Before the Storm

Keep-calm-and-carry-on-scanHowever it came to pass that a rediscovered WWII-era motivational slogan became the wildly prolific progenitor to seemingly thousands of mutant variations, there is now no end to signs, buttons, T-shirts, etc., telling us to “Keep Calm” and fill in the blank as the case may be.  As it happens, the original poster was designed in Britain in 1939, only three short years after Absalom, Absalom! was itself first published.  This interesting coincidence is, of course, neither interesting nor what anyone would define as a “coincidence,” but it will serve nevertheless as the rickety scaffolding from which I will launch into a number of wisecracks about how much William Faulkner likes to use the word calm.

There are a lot of “impenetrable faces” in Absalom, Absalom!, as has been mentioned elsewhere, and those impenetrable faces are usually of the calm variety—whether it’s “that calm absolutely impenetrable face,” “the impenetrable, the calm, the absolutely serene face” or, combining the both for a whole that is indeed no greater the sum of its parts, “two calm impenetrable faces.”

For all the fury going on around them, the book’s characters maintain surprisingly relaxed kissers (even if not always impenetrably so)—Absalom!’s provincial puritan Henry has a sister, Judith, who is alternately described as having a “calm face,” a “calm frozen face,” and a “face calm cold and tranquil.”  This is, genetically, to be expected, since Henry and Judith’s mother, Ellen, has, at various times, a “face white and calm” and a “face absolutely calm.”  (Henry himself has a touch of the same DNA, with his own “cold calm face.”)

There are not only calm faces on display—sometimes with their “eyes wide open and calm”—but “calm and sweet” voices to be heard, “repressed calm voice[s]” and “voices…sober enough, even calm.”  Some characters are “calm but logical” while others are “calm and undeviating”; positions are “stated calmly” and “argued calmly”; one woman is “saying ‘Yes, Rosa?’ calmly” and another is “standing calmly in a gingham dress”; there is “icy calm” to be seen as well as “calm incorrigible insistence.”  But it’s not until late in the book that the calm really begins to run riot.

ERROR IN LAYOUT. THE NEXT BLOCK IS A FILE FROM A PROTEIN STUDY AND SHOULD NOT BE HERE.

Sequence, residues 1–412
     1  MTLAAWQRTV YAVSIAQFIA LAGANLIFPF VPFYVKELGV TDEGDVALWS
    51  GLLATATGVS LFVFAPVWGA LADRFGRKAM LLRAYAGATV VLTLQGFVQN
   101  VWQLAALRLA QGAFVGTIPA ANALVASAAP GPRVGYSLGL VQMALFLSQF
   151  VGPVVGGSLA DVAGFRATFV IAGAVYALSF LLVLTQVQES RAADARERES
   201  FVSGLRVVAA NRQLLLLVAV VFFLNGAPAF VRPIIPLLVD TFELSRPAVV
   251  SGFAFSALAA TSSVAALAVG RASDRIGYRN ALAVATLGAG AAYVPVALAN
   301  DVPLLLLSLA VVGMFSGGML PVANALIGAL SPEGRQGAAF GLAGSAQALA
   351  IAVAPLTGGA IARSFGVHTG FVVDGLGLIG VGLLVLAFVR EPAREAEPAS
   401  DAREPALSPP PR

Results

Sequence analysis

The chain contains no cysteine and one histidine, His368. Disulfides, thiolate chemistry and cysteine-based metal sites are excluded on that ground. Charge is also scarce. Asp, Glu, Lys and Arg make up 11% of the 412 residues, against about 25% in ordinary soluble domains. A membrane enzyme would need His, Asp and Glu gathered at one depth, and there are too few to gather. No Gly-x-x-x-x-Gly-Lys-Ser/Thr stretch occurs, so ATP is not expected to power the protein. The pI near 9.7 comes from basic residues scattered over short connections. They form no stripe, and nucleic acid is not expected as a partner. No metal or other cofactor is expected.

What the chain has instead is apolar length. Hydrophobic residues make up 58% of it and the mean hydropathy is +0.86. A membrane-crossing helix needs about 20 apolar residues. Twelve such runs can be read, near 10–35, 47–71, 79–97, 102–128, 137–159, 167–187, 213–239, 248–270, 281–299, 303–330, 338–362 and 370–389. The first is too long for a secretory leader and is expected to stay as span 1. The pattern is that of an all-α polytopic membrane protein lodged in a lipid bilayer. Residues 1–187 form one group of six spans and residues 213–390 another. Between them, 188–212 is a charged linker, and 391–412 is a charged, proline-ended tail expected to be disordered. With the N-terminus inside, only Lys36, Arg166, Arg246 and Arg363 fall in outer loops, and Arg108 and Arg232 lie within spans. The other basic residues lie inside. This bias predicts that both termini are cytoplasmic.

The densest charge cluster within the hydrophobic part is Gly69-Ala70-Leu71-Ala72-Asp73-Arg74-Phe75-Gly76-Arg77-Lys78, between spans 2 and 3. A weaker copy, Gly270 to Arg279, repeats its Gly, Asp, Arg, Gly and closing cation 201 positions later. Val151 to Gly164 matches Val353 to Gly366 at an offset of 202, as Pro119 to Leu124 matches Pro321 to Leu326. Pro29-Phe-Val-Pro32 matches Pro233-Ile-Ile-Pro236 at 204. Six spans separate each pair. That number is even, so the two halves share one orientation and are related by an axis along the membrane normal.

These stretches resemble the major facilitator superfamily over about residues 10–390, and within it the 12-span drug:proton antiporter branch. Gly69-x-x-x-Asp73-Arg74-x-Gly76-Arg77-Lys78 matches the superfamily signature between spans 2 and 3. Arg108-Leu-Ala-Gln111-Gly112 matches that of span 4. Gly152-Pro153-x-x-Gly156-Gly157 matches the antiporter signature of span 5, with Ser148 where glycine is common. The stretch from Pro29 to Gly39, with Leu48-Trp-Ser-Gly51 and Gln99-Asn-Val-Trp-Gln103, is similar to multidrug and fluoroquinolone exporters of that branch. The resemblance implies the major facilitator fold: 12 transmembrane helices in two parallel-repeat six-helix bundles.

Of the 30-plus calms and calmlys in Absalom, Absalom!, over half are in Chapter 7, where they sometimes double up even within the same sentence: “He was quite calm about it, he said, sitting there…arguing with himself quietly and calmly.”*  And, two pages later, as this unusually laid-back internal conflict continues to roil: “the two of them argued inside of him, speaking in orderly turn, both calm, even leaning backward to be calm.”  (The fiery conclusion to this epic moral conundrum?  “[H]e had argued calmly and logically with his conscience until it was settled.”)

“I was calm,” says another cool customer, still in the same chapter, “quite calm.”  Seems to be the order of the day!  The overriding eerie hush of Chapter 7’s placid trip is encapsulated in a moment featuring a minor character, a sheriff named Major de Spain: “[I]t was too quiet, too calm; so much too quiet and calm that de Spain said he did not realise for a moment that it was too calm and quiet.”

The resignation one might feel in the face of such tranquilizing repetition is given voice by the book itself in this final soothing nugget of ancestral wisdom: “Grandfather said that his very calmness was indication that he had long since given up any hope.”


*For those who need things repeated to them and who prefer their adverbs written like adjectives, the sentence after this reads, “[t]here was only himself, the two of them inside that one body…arguing quiet and calm.”


One comment on “Before the Storm

  1. Carrington says:

    How LONG is this book?

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